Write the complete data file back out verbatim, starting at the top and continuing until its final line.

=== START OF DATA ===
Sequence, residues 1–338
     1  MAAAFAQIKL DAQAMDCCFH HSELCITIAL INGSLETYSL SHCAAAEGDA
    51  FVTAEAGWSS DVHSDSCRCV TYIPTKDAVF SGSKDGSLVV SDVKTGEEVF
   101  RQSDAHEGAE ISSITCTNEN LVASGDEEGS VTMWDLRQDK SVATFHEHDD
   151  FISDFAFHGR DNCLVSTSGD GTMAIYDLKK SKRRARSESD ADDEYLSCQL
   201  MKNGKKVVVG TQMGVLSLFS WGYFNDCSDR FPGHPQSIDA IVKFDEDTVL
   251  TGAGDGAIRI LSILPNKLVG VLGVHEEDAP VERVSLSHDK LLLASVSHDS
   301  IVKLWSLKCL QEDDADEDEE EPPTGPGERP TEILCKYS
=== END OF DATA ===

Sequence, residues 1–338
     1  MAAAFAQIKL DAQAMDCCFH HSELCITIAL INGSLETYSL SHCAAAEGDA
    51  FVTAEAGWSS DVHSDSCRCV TYIPTKDAVF SGSKDGSLVV SDVKTGEEVF
   101  RQSDAHEGAE ISSITCTNEN LVASGDEEGS VTMWDLRQDK SVATFHEHDD
   151  FISDFAFHGR DNCLVSTSGD GTMAIYDLKK SKRRARSESD ADDEYLSCQL
   201  MKNGKKVVVG TQMGVLSLFS WGYFNDCSDR FPGHPQSIDA IVKFDEDTVL
   251  TGAGDGAIRI LSILPNKLVG VLGVHEEDAP VERVSLSHDK LLLASVSHDS
   301  IVKLWSLKCL QEDDADEDEE EPPTGPGERP TEILCKYS